As travel writer Chris Schalkx tells me, “The publications I write for shape my personal brand”. He goes on to prove that one way to reassert control is to select the projects you choose to promote. “I’m selective with the work I share publicly, and the work I simply write to make a quick buck”.

In fact, when looking to develop a personal brand, Roberts advises freelancers to actively hunt down people’s perceptions of them.

“How others perceive you and what you might be ‘known for’ in the industry could be completely different from how you perceive yourself; better or worse,” she explains. (Side note: Those with questionable self-esteem may want to ask kind-hearted friends or loyal clients.)

Once you’ve pinpointed the unique dish that you bring to the freelance buffet, it’s time to own it. To repeat Rose’s earlier point, she describes a freelancer’s niche as “that space you occupy that makes you unique and uncopiable”. As intimidating as that may sound, owning your personal brand can give you a competitive edge.

There’s an ocean of freelancers in any one industry. Being confident and clearly communicating your niche offering can ensure that you stand out at the top of the wave and are seen by the right clients for the right jobs.

Roberts echoes this sentiment when she advises, “Chances are that if you’re not too sure what you offer to clients, clients will not be too sure to hire you”.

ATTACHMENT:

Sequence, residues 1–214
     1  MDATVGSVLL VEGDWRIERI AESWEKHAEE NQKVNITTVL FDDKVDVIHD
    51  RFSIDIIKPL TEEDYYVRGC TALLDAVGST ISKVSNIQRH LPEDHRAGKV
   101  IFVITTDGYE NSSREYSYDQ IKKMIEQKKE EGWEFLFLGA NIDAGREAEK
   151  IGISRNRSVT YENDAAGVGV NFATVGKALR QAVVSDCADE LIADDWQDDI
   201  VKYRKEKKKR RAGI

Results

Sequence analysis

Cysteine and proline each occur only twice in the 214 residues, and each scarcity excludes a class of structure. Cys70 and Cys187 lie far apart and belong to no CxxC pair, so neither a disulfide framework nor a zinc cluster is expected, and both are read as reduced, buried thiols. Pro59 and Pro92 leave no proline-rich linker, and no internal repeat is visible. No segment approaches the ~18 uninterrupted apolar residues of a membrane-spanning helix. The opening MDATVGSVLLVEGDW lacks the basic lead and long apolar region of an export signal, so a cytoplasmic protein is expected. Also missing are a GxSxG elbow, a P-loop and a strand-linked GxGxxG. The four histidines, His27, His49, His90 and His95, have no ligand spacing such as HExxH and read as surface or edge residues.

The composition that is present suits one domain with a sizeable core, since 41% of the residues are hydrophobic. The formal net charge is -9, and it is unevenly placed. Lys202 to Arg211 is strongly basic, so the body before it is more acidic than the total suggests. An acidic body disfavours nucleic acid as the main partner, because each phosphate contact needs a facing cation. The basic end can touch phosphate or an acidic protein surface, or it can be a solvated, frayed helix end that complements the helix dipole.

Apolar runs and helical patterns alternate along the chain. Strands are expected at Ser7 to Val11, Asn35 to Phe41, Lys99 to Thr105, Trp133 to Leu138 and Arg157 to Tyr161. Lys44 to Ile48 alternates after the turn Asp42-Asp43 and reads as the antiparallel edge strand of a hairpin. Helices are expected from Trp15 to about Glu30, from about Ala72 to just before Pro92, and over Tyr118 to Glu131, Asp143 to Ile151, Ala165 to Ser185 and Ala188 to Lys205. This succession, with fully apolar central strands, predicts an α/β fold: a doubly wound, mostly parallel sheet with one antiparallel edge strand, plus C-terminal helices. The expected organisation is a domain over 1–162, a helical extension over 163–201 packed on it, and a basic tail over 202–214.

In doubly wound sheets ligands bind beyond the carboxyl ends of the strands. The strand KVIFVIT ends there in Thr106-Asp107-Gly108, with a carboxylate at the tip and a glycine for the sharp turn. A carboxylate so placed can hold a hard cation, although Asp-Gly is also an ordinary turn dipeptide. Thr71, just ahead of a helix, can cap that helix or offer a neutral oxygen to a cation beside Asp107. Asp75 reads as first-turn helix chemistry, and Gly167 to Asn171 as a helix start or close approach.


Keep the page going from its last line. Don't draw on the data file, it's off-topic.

While many freelancers fear that leaning into a niche will reduce their chances of work, brand experts are adamant that a clear and concise personal brand actually brings in more job opportunities.

As Rose argues, “Freelancers are often too cautious to commit to a niche, because they want to appeal to everyone, which can, of course, lead to appealing to no one.”

As ironic as it may sound after the slew of advice, authenticity is also seen as a powerful way of building a personal brand. A personal brand that packs some personality can build emotional connections that attracts new clients and bolsters client loyalty.

As PR coach Skye Ferguson summarises, “For people to want to buy from you or work with you they need to know you, like you, and trust you”.

It has always been the case that clients buy the person, not just the service. However, in contrast to our 20th-century freelancing predecessors, thanks to the internet and social media, there is a push for freelancers to blur the lines between the professional and personal.

“We live in a world of transparency,” explains Ferguson. “There’s an expectation now, because we’re used to knowing everything about everyone that we expect that in a personal brand too”.

So, rather than curating a professional persona to project into the world, perhaps freelancers should be injecting a little more ‘personal’ into their personal brands.

“I see it as, what more of yourself can you bring to your work, your brand, and the way you present yourself, rather than trying to craft a personal brand”, advises Ferguson.

Safe to say, there’s a whole world of in-depth, often confusing, and sometimes contradictory information on personal brands. One silver lining among the chaos is that, clearly, there isn’t one way to build a personal brand or even one platform to use.

It’s your personal brand, you choose how – or if – to shape it, whether that’s via social media, blogs, email, or in person. But now is as good a time as ever to get started on shaping it.